IRISH DIVORCE: a history

Published in Book Reviews, Book Reviews, Issue 5 (September/October 2020), Reviews, Volume 28

Cambridge University Press
ISBN 9781108717250

Reviewed by Mary Kenny

Mary Kenny is a founder member of the Irish Women’s Liberation Movement and author of Goodbye to Catholic Ireland (New Island Books, 2000).

Historically, there has seldom been any great ‘clamour’—as Professor Diane Urquhart puts it—for divorce in Ireland. Although the Brehon laws did, apparently, allow the dissolution of marriages in some instances, it was infrequent and class-bound. Irish divorce in ancient times was often about family power—and wealth.

And that’s how things broadly stayed until the mid-Victorian era. In Britain, as in Ireland, divorce was difficult to obtain, stigmatising within society and only available to the wealthy and aristocratic. (We pass over, as does Prof. Urquhart, the case of Henry VIII, for whom divorce was an alternative to beheading.) Even where feasible—and then only through the channel of parliament—divorce imposed a double standard on men and women. A wife’s adultery was always seen as a more serious offence than a husband’s, probably because of the risk of introducing illegitimate heirs into aristocratic lineage, although this certainly happened—Lord Melbourne’s paternity, for example, was ambiguous. Until the brave Caroline Norton began her campaign for mothers’ custodial rights, women often cruelly lost access to their children in divorce or separation—a situation which could obtain until relatively recently. A friend of mine, divorced in a Scottish court in the 1960s, lost child custody when the judge branded her ‘an adulteress’.

In 1857 Britain began cautiously re-addressing the divorce question with a Divorce and Matrimonial Causes Bill, partly prompted by an early campaigner, Lady Westmeath, a victim of infidelty and domestic cruelty. In 1885 Lady Louise Westropp was the first Irishwoman to obtain an Irish divorce via the court of chancery.

Yet whenever divorce law arose at Westminster, Ireland was always excluded. There was an understanding that divorce wasn’t popular among the Irish—Catholic or Protestant—and an interesting belief, endorsed by the Irish themselves, that Ireland was matrimonially ‘purer’. The truth was that, what with famines, land wars, evictions and the penal laws’ long shadow, most Irish people probably had other concerns than whether some swell could dissolve his marriage. Daniel O’Connell was against divorce. William Gladstone was against divorce, and praised Ireland’s lack of it. (It transpired that Edward Carson was also against divorce.)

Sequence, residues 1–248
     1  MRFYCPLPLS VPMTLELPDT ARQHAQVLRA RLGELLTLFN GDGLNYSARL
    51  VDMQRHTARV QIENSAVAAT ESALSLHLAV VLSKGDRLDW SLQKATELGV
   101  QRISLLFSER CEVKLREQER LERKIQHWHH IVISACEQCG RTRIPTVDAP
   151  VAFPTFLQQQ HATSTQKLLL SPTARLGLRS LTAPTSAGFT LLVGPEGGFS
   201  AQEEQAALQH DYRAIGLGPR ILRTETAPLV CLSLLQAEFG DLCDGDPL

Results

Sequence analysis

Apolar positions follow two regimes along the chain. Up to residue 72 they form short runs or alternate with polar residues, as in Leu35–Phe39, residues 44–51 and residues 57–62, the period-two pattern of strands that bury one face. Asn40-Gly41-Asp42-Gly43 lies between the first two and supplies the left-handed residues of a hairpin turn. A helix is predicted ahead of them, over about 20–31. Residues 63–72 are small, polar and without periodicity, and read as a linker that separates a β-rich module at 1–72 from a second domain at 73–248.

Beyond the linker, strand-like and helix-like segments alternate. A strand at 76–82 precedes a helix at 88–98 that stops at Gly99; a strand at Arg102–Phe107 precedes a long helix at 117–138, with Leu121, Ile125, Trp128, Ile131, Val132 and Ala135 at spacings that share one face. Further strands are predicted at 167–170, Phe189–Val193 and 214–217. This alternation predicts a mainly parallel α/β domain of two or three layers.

Then came Parnell and his relationship with Katharine O’Shea, which led to that sensational divorce, deplored first by Michael Davitt, then by the Methodist Evangelicals and subsequently by the Catholic Church. All this scuppered any consideration of divorce reform, besides its effect on the fate of the Irish Parliamentary Party.

Britain gradually moved towards more divorce accessibility, from parliament to the matrimonial division of regular courts. Ireland, North and South, remained reluctant, though Stormont finally passed an act in 1938. Much is made of the Free State’s ban on divorce from 1925 but, despite Senator Yeats’s famous protest, the prohibition broadly represented the values of the electorate.

Things began to shift in the 1960s and ’70s, with a constitutional review, the European Court facilitating claims of individual rights and Vatican II prompting more decisive separation between Church and State. In 1973 the ‘special position’ of the Catholic Church was dropped from the constitution. Garret Fitzgerald suggested making divorce available: there were many anomalies as regards Irish citizens—such as Conor Cruise O’Brien—who had obtained a British divorce. From 1969 more liberal divorce spread internationally and there was a gradual campaign under way in Ireland. And yet there was still wariness, and many women remained anti-divorce—including the Anglican Mothers’ Union—since they often saw it as an opportunity for an errant husband to discard an older wife for a younger model.

Urquhart expresses disappointment that the Irish Women’s Liberation Movement did not include divorce in our 1971 manifesto ‘Chains or Change’. I was one of the authors of this pamphlet, and the omission of divorce was shrewdly judged. Deserted wives, justice for widows, contraception, jury service, access to financial services without a male counter-signature, fair treatment in mortgages and housing were greater priorities. Most women, as Urquhart’s evidence shows, would not support divorce: wives’ property rights were weak, and a divorce could leave a woman without a roof over her head. Other family law reforms were required first. Irish divorce finally squeezed past the electorate in 1995 by half of one per cent.

Professor Urquhart’s study is a meticulous, detailed record of Irish divorce, and a necessary telling of the legal path to change, but more social context could have been illuminating. The Irish reluctance concerning divorce should be set against the persistant Irish reluctance—since the Famine—to marry. From the mid-nineteenth century to the 1960s, anything up to a quarter of the population remained single. There was continuing lamentation about the shrinking population owing to low matrimonial rates.

Falling marriage statistics are again a feature of Irish life, and among the poorest sectors of society no marriage has become the norm, replaced by variable terms of cohabitation. Professor Urquhart seems unwilling to acknowledge the conservative case for durable marriage: but since poverty, relationship instability and low educational achievements among children are often associated with an absence of parental marriage, it is not unreasonable to believe that there is still something to be said for committed wedlock.


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